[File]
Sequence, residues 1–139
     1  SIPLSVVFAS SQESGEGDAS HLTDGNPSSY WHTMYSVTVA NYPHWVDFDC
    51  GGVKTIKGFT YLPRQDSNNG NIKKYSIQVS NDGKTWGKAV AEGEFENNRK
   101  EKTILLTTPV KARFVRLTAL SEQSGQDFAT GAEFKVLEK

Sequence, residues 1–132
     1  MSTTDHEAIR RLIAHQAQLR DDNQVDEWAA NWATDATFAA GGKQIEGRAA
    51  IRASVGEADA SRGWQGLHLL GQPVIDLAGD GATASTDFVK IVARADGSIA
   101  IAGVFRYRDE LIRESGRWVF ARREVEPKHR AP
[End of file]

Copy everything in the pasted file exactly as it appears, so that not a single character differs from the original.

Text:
Sequence, residues 1–139
     1  SIPLSVVFAS SQESGEGDAS HLTDGNPSSY WHTMYSVTVA NYPHWVDFDC
    51  GGVKTIKGFT YLPRQDSNNG NIKKYSIQVS NDGKTWGKAV AEGEFENNRK
   101  EKTILLTTPV KARFVRLTAL SEQSGQDFAT GAEFKVLEK

Sequence, residues 1–132
     1  MSTTDHEAIR RLIAHQAQLR DDNQVDEWAA NWATDATFAA GGKQIEGRAA
    51  IRASVGEADA SRGWQGLHLL GQPVIDLAGD GATASTDFVK IVARADGSIA
   101  IAGVFRYRDE LIRESGRWVF ARREVEPKHR AP